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© 1997, The Board of Regents of the University of Nebraska on behalf of the University of Nebraska–Lincoln Extension. All rights reserved.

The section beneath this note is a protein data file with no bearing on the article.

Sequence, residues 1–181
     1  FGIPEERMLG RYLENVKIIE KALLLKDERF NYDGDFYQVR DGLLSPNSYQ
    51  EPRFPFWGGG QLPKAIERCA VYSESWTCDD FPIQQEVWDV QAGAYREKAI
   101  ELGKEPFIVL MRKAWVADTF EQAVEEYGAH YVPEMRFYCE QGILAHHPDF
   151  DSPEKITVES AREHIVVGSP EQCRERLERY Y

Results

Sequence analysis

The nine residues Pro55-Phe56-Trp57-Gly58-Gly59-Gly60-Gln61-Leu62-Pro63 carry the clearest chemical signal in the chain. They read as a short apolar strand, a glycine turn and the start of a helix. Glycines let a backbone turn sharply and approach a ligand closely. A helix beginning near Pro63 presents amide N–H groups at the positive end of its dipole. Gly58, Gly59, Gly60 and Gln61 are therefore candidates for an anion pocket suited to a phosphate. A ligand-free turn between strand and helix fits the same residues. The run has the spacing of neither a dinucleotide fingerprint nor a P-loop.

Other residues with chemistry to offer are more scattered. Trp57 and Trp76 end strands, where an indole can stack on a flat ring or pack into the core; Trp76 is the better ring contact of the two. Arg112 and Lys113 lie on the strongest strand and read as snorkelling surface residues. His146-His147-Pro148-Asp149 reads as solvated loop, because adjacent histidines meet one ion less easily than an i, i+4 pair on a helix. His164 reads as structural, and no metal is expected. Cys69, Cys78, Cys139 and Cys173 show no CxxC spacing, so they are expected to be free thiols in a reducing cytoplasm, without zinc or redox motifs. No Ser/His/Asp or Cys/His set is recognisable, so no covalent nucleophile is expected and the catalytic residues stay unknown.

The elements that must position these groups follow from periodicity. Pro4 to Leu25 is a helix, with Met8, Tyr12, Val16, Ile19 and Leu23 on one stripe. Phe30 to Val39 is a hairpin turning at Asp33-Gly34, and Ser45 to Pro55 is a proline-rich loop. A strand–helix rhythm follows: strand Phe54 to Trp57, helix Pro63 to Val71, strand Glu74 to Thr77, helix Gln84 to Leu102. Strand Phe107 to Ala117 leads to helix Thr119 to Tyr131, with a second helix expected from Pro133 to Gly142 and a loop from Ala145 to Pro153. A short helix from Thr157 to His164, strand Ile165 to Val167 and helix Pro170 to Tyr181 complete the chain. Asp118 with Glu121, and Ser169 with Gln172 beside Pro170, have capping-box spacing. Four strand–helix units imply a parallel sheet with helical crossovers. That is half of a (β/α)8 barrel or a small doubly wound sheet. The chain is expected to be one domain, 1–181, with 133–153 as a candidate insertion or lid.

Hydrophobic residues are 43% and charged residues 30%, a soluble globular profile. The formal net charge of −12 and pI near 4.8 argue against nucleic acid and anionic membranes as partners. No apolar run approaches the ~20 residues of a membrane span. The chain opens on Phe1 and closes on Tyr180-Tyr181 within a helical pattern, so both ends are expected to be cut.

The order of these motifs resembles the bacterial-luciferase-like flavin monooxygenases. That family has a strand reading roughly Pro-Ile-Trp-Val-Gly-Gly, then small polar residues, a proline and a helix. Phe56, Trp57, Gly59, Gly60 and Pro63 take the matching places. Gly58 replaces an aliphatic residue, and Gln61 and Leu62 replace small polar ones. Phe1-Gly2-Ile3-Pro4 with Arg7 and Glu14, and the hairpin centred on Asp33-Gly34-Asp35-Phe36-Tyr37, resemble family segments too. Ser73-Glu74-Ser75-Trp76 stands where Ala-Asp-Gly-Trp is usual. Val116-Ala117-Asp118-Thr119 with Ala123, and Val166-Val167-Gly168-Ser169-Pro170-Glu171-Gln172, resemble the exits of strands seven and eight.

Seed-associated diseases of wheat draw considerable attention because they often reduce both grain quality and yield. In addition ergot and scab diseases bring in a third dimension because toxins associated with each present a potentially serious health risk to humans and animals. Yield losses caused by smuts are roughly equal to the percentage of smutted heads in the field; however, losses from black point, scab or ergot are less easily measured. For example, wheat in the soft dough stage that is infected by one of the scab pathogens may still produce plump, good test weight kernels resulting in minimal yield loss. The down side is that the toxin level in the harvested grain may be higher in these plumper kernels than in the shriveled kernels infected at flowering because many shriveled kernels are lost during combining.